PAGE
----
Sir Paul McCartney fondly remembers Queen Elizabeth

Paul McCartney shared a heartfelt tribute to Queen Elizabeth II a day after her passing.

McCartney, 80, who has met the Queen ‘eight or nine times’ and wrote the cheeky 26-second love song ‘Her Majesty’, told fans he was ‘privileged’ to have been alive for Elizabeth’s 70 year reign.

“When I was 10 I entered an essay competition in Liverpool and won my division for my essay on the British Monarchy so I’ve been a long time fan,” he wrote on Facebook. Friday.

He went on to detail how “she impressed me with her great sense of humor combined with great dignity” whenever they saw each other while sharing photos from some of the encounters.

McCartney first met the late Queen in 1965 when the Beatles were awarded the Most Excellent Order of the British Empire.

“I remember being taken aside and being shown what the correct protocol was. We were told how to approach Her Majesty and not speak to her unless she speaks to us. For four Liverpool lads it was ‘Wow, hey man’.

Whether or not the band will follow Buckingham Palace decorum has never been confirmed. John Lennon later said the band smoked a joint in the palace bathroom before the meeting. McCartney and George Harrison refuted Lennon’s claim, and Ringo Starr said he could not remember.

Queen Elizabeth III talks to the Beatles after a Royal Variety Show at the Prince of Wales Theater in London in 1963.
George Freston/Fox Photos/Getty Images

The Fab Four bassist then crossed paths with Elizabeth at the Royal Albert Hall in 1982, he said.

“It was during an event [late wife] Linda [McCartney] and attended a conservation party. Part of the evening included orchestral reworkings of some Beatles songs and I remember talking to Her Majesty about it. She also introduced me back to Prince Philip who said he remembered our previous meeting in the 60’s! “, he wrote.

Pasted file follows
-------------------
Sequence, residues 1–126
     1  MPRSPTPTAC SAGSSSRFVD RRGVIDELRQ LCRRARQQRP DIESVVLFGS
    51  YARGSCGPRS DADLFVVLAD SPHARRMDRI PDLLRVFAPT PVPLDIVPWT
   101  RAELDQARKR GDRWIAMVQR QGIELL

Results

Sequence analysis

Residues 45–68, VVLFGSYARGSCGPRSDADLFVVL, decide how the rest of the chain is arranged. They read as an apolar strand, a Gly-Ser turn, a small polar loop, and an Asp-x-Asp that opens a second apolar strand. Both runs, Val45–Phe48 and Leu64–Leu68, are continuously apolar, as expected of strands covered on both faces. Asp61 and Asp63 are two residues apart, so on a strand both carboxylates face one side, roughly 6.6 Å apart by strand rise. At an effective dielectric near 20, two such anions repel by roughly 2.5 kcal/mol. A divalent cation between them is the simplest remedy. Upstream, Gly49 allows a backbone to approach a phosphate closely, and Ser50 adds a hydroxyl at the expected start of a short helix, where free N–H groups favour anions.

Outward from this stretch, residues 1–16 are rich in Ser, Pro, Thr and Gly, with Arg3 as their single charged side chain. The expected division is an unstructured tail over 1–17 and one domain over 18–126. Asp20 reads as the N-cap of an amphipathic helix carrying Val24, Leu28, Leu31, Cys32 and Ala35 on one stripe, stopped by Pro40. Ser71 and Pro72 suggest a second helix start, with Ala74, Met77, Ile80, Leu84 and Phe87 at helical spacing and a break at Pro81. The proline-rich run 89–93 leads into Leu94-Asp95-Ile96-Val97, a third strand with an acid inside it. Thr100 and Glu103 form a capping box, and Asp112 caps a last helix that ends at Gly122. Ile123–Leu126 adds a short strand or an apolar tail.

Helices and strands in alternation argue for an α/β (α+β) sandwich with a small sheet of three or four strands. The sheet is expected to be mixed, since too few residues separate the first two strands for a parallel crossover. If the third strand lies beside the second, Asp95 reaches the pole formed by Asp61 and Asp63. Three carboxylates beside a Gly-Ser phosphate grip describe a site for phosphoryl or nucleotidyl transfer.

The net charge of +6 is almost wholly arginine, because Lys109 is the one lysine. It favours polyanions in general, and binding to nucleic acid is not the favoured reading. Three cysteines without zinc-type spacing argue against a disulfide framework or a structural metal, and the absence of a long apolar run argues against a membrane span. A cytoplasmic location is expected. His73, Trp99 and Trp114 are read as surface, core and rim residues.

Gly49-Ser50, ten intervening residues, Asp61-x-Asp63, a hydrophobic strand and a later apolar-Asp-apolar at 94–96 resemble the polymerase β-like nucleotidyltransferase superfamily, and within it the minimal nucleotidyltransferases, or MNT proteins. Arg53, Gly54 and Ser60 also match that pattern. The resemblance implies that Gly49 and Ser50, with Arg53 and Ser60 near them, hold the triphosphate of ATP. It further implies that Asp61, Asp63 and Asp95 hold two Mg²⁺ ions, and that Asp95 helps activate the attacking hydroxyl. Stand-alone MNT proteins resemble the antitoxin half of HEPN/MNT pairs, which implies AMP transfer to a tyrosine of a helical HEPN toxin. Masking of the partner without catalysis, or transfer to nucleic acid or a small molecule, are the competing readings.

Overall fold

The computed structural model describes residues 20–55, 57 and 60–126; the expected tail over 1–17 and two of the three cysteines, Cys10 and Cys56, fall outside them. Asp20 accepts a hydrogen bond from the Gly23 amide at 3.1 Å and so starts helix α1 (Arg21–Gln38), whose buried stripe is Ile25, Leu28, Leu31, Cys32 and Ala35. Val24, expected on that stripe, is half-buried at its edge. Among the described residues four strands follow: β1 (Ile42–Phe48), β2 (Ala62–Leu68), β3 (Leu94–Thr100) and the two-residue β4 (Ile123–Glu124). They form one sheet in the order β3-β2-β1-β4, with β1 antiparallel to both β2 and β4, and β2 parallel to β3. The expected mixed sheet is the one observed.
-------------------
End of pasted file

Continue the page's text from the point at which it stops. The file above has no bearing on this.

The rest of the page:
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A decade and a half later, “The Queen has graciously agreed to open the Liverpool Institute for Performing Arts on the site of my former school which George Harrison and I attended,” McCartney said.

A year later, the Queen knighted Sir Paul in what he said was “a very proud day for me” and “one of the best days of my life”.

Paul McCartney shows Queen Elizabeth II his paintings during a visit to the Walker Art Gallery in Liverpool July 25, 2002.
Paul McCartney shows Queen Elizabeth II his paintings during a visit to the Walker Art Gallery in Liverpool July 25, 2002.

“I felt very honored to be offered the title of Knight and, of course, it would have been rude to refuse it! I remember it was spring and the sky was blue. It was a wonderful day and I remember thinking I had come a long way from a little terraced house in Liverpool!

The “Hey Jude” singer then serenaded the Queen during her Golden Jubilee in 2002.

“As Her Majesty was on stage receiving applause at the end of the show, I joked, ‘Well, I guess that will happen next year then?’ to which she replied, “Not in my garden, it won’t!”

McCartney went on to explain how Elizabeth had attended a painting exhibition he had organized at a gallery in Liverpool that he used to visit with Lennon, and that he had also spoken to her at the celebration of the arts at the Royal Academy of Arts.

(left to right) Ringo Starr, John Lennon, Paul McCartney and George Harrison receive their MBE (Member of the Order of the British Empire) from Queen Elizabeth II on October 26, 1965.
Ringo Starr, John Lennon, Paul McCartney and George Harrison receive their MBEs from Queen Elizabeth II on October 26, 1965.
Archives Hulton/Getty Images

“On June 4, 2012, the Queen was celebrating her Diamond Jubilee and it was so special in so many ways. It was the first time I had played in front of her since her last Jubilee, and seeing everyone stretch out on Pall Mall was brilliant as was meeting other Royals afterwards It was a great weekend to be British.

The last encounter between the towering Britons came in 2018 when McCartney was awarded the Companion of Honor medal.

“I shook her hand, leaned over and said, ‘We have to stop meeting like this’, to which she laughed lightly and continued the ceremony. I wondered if I was a little too cheeky after saying that, after all she was the queen, but I have a feeling she didn’t mind. God bless you. We will miss you.”

New York Post

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